Monday, January 10, 2011

When A Writer Is Ready to Sell A Manuscript: Take Advantage of the Chicago Literary Scene

by Jamie Freveletti

I'm preparing to give a three hour course at the Off Campus Writers Workshops on how to prepare and sell a manuscript. I've never really done this before, and honestly, I had to think about my own path to publication. While I'm still relatively new to the industry--just 18 months out there--looking back gave me a real chance to review what worked and what didn't. All this from the benefit of hindsight, you undertand. I've amassed a lot of tips over the past 18 months, below are just a couple, because room doesn't permit listing all the others:

Write The Manuscript, Then Write Another If You Must:

When I go through my (relatively) short period of marketing to publication, it helps to have friends who remind me of the years I spent writing prior to even attempting to market. On a recent vacation over the holidays a friend commented that she was always surprised that I'd disappear once during each day to write. I'd forgotten this, but she's correct. Even with the sun and sea beckoning, I'd find time that day to do what I loved.

When I finally sat down and mapped out an actual timeline, here's a bit of it:

I had one manuscript completed, three others 60,000 words in, one (thriller) screenplay submitted to a contest, and three short stories written before I even took my first step to marketing. Interestingly enough, the screenplay contest was the only instance of marketing-if submitting it to a contest counts--that I had actually attempted before sending out my manuscript. (I still love the screenplay, and I intend to send it to my West Coast agent for submission, but first I want to turn it into another manuscript. It's a good story, and I really think those characters deserve a whole novel before they get sold as 95 pages of dialogue).

Meet Other Writers in The Chicago Literary World:

I've been helped along by other writers who came before, many listed on the sidebar of this blog. Laura Caldwell was the first writer who graciously invited me to a post signing dinner with her friends. I was unpublished--everyone else was well published. She made me feel welcome and gave me a glimpse into the world that I wanted to join. Marcus Sakey and I were in an early writing group I'd been invited to join. He was navigating through his first novel's publication at the time and I learned by watching him and still call him for advice. Libby Hellman was always gracious when we met at conferences and invited me to join her writing group (I couldn't at the time due to a standing aikido class). That writing group included Michael Dymmoch. I didn't know Barbara, Sean, Bryan, David H, or Kevin, but I'd met David Ellis and he once gave me tips at a conference.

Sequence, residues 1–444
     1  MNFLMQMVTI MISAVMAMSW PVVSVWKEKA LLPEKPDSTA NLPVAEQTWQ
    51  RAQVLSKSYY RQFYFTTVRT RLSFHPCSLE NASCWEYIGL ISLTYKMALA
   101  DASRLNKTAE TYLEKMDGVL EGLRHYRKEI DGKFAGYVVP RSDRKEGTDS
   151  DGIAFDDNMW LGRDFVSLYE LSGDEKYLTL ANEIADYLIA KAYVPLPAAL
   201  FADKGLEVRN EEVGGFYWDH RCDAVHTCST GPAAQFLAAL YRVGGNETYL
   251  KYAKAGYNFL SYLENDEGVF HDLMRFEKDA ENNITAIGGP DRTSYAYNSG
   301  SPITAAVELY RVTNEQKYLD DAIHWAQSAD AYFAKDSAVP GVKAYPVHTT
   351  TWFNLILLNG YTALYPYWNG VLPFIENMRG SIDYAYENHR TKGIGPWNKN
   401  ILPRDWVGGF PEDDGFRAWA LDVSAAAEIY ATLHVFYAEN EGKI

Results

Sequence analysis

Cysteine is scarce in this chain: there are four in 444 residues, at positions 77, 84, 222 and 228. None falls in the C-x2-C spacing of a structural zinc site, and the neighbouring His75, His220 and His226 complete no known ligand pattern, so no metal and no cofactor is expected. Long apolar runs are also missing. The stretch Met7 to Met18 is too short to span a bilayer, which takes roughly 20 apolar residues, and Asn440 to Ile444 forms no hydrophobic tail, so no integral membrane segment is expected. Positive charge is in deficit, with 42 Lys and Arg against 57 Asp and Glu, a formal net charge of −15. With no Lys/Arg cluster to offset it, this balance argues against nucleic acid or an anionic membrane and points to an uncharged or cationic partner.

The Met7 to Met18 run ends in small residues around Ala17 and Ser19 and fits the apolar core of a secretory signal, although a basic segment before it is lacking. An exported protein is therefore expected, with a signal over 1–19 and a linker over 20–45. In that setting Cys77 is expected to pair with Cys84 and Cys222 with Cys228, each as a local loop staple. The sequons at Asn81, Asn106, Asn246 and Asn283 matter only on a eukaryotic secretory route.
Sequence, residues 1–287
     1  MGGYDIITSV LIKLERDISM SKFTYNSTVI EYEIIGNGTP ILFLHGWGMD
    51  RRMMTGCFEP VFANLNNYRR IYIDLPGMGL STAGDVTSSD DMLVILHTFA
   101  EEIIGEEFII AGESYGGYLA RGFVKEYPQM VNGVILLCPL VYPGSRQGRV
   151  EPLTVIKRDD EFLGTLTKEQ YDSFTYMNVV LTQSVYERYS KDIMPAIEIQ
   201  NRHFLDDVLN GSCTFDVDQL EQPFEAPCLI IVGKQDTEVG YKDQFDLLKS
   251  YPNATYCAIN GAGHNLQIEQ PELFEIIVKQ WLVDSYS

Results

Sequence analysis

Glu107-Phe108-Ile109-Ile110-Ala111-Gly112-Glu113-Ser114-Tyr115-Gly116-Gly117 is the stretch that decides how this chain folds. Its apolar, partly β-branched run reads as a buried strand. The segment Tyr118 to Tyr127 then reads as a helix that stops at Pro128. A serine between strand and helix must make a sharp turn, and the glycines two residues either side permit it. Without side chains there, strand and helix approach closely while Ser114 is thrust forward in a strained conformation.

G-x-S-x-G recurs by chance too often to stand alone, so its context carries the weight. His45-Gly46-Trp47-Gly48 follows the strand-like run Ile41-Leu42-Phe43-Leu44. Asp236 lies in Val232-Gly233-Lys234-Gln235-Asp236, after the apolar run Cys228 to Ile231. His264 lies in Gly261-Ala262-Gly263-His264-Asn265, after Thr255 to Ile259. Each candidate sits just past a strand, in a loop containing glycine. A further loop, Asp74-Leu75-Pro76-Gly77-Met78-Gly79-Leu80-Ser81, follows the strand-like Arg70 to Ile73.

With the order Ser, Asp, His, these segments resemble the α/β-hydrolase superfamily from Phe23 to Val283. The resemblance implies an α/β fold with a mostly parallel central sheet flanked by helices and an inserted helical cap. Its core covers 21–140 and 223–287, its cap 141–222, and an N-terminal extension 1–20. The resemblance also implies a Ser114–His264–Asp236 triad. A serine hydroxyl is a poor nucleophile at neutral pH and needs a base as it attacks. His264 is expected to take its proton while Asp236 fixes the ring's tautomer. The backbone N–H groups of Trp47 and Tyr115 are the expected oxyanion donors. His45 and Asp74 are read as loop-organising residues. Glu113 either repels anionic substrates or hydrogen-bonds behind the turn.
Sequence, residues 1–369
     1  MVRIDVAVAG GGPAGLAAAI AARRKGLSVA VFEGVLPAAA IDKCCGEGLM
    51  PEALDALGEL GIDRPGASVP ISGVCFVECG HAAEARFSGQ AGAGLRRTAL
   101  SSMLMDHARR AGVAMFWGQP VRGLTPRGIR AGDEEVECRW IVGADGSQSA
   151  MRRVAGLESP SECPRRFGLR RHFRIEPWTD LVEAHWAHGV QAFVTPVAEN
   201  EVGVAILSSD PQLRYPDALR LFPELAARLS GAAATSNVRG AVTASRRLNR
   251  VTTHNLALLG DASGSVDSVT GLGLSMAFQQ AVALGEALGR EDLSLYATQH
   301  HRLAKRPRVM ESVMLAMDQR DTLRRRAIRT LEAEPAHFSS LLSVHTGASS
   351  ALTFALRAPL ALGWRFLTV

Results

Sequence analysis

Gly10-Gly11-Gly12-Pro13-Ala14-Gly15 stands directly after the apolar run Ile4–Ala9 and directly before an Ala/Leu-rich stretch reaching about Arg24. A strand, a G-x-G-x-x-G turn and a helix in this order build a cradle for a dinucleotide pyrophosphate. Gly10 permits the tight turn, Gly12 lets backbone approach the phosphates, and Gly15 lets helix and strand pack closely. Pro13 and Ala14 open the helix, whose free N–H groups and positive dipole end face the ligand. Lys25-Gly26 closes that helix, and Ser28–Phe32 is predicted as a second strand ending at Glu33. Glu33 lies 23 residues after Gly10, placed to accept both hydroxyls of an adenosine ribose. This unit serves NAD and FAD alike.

Julie Hyzy critiqued my first attempt to actually show anyone something I'd written. This is a funny story. I was attending my first Love is Murder conference and I'd signed up for a manuscript critique by one of the published authors. Somehow my name fell through the cracks and I found myself standing at the registration table trying to correct the situation when Julie walked up and announced that she'd not been given someone to critique. We both laughed, I handed her my manuscript, and off she went. Thirty minutes later she came running back to me and said, "I love this! You can write! Don't worry!"

Need I say that Julie made my year? After that I felt stronger and more confident, though the book I sold was a second manuscript written after the one she'd read. Yes, like many writers that I know, I have a manuscript on the shelf.

Another early friend was Tasha Alexander. Tasha moved to Chicago a few years ago, and she would drag me into groups of industry folks at the pre conference cocktail parties for the former Midwest Literary Festival. I usually try not to insert myself into an industry group unless I'm invited, and Tasha was always the one waving me over. A note: my hesitance to insert myself meant that I met industry professionals a lot later on in my marketing attempts. Probably not the best way to market oneself, but it all worked out in the end.

Join A Writing Organization.

One of the first organizations I joined was Sisters in Crime where I met Luisa Buehler and Gail Lukasik, both of whom gave me advice in the early going. I'm told that there is a "guppies" group at SisInCr that is a great forum for new writers, though I haven't used the group myself.

There are many other writers both published and unpublished that have helped lend their support, assistance, and advice over the past years and still do. I couldn't begin to list them all here, but I do my best to acknowledge them in my books. The Chicago literary community is thriving, and if you're lucky enough to live here and you want to join it, your best bet is to begin attending the conferences in the area and adding to the fun. You won't regret it.